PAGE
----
(2) Signal injection method

    The signal source is added to the input terminal, and then the waveform of each point is measured back to see if it is normal to find the fault point. Sometimes we also use simpler methods, such as holding a tweezers in our hands to touch the input terminals at all levels to see if the output terminals react, which is often used in audio and video amplifier circuits (but it should be noted that the circuit with hot backplane or high voltage can not use this method, otherwise it may lead to electric shock). If there is no reaction at the first level and there is reaction at the second level, it means that the problem lies at the first level and should be checked.

    (3) Other methods of finding fault points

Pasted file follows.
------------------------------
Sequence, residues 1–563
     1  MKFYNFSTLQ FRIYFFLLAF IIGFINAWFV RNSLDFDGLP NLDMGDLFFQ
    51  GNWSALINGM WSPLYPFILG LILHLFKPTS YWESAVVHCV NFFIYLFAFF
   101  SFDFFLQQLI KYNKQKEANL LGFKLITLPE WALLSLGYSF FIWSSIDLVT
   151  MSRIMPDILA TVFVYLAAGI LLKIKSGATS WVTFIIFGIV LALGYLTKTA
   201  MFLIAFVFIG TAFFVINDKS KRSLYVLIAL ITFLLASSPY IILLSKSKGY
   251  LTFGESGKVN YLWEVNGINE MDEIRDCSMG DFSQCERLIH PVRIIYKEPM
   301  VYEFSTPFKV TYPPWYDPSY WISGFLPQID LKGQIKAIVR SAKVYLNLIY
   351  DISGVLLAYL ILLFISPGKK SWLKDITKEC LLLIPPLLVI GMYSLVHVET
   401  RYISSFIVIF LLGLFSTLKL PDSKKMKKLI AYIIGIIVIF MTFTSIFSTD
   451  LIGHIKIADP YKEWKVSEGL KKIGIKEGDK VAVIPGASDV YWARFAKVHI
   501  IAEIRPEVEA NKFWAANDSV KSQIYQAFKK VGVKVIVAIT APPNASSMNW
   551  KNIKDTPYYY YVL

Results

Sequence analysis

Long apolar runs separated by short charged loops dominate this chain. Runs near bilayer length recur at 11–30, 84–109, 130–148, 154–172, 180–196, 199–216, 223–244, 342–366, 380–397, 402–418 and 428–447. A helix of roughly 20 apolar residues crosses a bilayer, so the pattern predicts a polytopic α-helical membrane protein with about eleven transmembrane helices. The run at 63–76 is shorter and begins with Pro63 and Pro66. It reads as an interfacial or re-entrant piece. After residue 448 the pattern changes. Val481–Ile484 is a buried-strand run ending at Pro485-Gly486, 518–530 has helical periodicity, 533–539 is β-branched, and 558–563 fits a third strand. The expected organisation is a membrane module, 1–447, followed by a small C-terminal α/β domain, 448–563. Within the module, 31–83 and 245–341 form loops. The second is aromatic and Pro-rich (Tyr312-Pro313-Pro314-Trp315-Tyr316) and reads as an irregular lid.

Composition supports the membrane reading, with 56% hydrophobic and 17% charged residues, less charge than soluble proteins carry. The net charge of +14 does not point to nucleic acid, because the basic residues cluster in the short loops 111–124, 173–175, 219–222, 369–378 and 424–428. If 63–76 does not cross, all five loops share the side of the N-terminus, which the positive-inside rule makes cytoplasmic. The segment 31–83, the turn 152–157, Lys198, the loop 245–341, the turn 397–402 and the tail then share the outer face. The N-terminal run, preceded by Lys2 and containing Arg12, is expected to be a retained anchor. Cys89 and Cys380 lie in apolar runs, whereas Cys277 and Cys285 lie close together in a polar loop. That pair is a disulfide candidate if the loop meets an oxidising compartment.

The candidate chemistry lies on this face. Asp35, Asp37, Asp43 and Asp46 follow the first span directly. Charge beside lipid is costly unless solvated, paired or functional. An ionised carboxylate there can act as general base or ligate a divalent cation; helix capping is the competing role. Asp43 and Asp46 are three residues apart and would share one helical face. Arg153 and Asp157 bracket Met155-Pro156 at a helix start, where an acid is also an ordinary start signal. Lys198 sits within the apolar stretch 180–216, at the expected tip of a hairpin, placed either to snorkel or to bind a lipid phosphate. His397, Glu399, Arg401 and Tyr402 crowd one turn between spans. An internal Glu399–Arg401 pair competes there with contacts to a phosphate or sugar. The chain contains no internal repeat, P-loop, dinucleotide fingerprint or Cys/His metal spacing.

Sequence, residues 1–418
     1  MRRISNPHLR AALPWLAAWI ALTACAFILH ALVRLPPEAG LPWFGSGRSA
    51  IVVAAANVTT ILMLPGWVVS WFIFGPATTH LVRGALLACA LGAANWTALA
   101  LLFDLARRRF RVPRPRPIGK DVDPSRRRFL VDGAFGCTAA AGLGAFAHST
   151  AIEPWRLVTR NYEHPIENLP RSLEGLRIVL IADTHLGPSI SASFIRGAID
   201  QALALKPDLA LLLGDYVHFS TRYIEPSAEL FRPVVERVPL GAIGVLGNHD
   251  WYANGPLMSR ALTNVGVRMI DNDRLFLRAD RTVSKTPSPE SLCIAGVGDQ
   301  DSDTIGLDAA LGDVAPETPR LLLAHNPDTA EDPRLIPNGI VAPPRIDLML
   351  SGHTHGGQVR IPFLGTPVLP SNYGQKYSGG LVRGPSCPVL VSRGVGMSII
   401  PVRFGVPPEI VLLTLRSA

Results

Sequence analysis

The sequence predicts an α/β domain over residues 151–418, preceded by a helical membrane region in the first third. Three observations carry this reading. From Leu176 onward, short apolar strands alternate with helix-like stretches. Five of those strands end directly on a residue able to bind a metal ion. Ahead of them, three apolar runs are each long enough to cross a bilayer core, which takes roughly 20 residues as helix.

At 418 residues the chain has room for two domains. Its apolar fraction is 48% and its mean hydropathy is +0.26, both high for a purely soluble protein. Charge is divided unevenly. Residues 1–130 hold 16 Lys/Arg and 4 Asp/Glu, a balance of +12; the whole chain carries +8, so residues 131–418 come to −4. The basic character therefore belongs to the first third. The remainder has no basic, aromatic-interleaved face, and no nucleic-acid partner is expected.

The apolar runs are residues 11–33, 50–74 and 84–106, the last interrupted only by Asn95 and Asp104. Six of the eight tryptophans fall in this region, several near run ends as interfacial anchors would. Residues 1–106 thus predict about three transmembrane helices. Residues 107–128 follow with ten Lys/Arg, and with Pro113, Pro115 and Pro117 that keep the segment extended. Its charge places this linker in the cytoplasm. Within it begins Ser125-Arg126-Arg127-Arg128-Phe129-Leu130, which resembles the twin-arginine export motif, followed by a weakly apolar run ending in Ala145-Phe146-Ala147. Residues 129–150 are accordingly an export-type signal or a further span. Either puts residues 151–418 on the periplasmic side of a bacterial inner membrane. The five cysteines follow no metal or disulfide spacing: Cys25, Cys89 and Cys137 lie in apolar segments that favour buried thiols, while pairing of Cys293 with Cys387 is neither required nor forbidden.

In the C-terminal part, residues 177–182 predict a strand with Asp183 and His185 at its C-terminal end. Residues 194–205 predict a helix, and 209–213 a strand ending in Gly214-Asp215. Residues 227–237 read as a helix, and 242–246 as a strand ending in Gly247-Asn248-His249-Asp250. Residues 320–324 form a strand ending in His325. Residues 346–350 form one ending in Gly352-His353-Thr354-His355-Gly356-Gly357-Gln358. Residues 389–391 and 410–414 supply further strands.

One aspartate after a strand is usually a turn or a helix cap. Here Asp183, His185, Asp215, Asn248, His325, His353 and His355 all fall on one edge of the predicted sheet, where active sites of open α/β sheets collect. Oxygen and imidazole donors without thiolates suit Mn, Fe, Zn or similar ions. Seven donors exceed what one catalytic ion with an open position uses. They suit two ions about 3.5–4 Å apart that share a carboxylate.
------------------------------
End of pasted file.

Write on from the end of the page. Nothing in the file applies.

Of course, there are many other ways to find fault points, such as watching, listening, smelling, touching and so on. “Look” is to see whether the components have obvious mechanical damage, such as rupture, blackening, deformation, etc.; “Listen” is to listen to whether the working sound is normal, such as something that should not be loud is ringing, where the noise is silent or abnormal, etc.; “Smell” is to check whether there is any odor, such as the smell of burning, the smell of capacitor electrolyte, etc., for an experienced electronic maintenance. Personnel are very sensitive to these odors; “touch” is to use their hands to test whether the temperature of the device is normal, such as too hot or too cold. Some power devices will get hot when they work. If they feel cool, it can be basically judged that they are not working. But if it’s not supposed to be hot or it’s too hot, that’s not going to work. General power transistors, voltage regulator chips and so on, working below 70 degrees is absolutely no problem. What’s the concept of 70 degrees? If you press your hand up, you can hold it for more than three seconds, which means that the temperature is about 70 degrees below. (Be careful to touch tentatively first, don’t burn your hand.)